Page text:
Who Killed LA? A Political Autopsy
It was the most extraordinary conjuring feat in modern American political history. The spring presidential primary season had barely opened when a volcano of Black rage and Latino alienation erupted in the streets of Los Angeles. Elite Marine and Army units fresh from the Gulf War had to be landed to restore order to the bungalows of Compton and Watts. While the world press editorialized apocalyptically about the ‘decline of America’, a grim-faced procession of inner-city leaders from Oakland to BedfordStuyvesant warned that their neglected neighbourhoods too were tinderboxes awaiting a spark. They recalled the 164 major riots—the ‘Second Civil War’ some warned at the time—that spread through urban ghettoes like wildfire for three summers after the original ‘Watts’ rebellion in 1965.
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Marx's Lost Theory
In a landmark re-reading of Class Struggles in France and The Eighteenth Brumaire, Mike Davis draws out the theoretical propositions on class and nation, world-market and inter-state rivalry, that underpin the seminal political writings. Repudiation of politics as discourse pur, and revaluation of Marx’s ‘middle-level concepts’ for the mediated expression of complex social interests.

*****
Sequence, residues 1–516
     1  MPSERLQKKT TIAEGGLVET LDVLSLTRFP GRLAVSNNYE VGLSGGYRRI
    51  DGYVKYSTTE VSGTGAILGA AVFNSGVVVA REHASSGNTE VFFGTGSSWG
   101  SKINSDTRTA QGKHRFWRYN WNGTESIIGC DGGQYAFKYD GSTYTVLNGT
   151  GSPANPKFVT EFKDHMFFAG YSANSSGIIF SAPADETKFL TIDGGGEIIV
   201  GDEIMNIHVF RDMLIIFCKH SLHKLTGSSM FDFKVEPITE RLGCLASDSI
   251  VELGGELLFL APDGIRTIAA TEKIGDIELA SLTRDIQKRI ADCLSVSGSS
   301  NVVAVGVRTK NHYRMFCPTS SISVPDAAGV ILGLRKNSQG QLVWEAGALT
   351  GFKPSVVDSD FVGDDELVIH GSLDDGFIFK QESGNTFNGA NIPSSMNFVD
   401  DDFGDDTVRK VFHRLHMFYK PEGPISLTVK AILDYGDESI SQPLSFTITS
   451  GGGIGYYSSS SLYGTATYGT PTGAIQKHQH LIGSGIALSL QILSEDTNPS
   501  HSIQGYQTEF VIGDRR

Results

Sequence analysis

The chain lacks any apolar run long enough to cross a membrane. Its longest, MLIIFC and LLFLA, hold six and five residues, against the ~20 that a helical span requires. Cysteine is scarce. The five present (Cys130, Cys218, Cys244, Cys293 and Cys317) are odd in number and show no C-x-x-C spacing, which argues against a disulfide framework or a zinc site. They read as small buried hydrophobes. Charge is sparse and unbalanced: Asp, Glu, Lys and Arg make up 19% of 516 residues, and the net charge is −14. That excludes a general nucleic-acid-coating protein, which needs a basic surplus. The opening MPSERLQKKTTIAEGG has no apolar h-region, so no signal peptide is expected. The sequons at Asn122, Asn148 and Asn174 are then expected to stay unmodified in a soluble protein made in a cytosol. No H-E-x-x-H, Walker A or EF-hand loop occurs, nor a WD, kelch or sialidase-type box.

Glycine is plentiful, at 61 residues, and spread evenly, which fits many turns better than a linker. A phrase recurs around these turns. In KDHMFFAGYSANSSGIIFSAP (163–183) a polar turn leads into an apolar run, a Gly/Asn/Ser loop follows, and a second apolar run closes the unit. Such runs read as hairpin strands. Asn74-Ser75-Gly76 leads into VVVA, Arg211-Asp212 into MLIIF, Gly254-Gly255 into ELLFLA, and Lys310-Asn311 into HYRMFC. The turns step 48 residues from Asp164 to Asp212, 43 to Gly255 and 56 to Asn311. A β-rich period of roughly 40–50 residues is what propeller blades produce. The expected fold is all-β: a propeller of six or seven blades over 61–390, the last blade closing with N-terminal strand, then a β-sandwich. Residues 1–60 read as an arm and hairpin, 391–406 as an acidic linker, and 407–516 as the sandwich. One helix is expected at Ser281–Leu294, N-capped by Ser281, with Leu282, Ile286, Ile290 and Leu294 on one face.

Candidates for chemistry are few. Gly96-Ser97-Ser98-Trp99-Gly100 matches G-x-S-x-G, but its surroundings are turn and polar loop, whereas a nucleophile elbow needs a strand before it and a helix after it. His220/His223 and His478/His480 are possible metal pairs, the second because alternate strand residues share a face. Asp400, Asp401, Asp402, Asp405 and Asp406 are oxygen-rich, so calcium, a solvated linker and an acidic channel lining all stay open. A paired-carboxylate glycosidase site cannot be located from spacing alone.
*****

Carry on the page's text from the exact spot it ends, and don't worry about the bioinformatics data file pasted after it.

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Fear and Money in Dubai
On the rim of the war zone, a new Mecca of conspicuous consumption and economic crime, under the iron rule of Sheikh al-Maktoum. Skyscrapers half a mile high, artificial archipelagoes, fantasy theme parks—and the indentured Asian labour force that sustains them.
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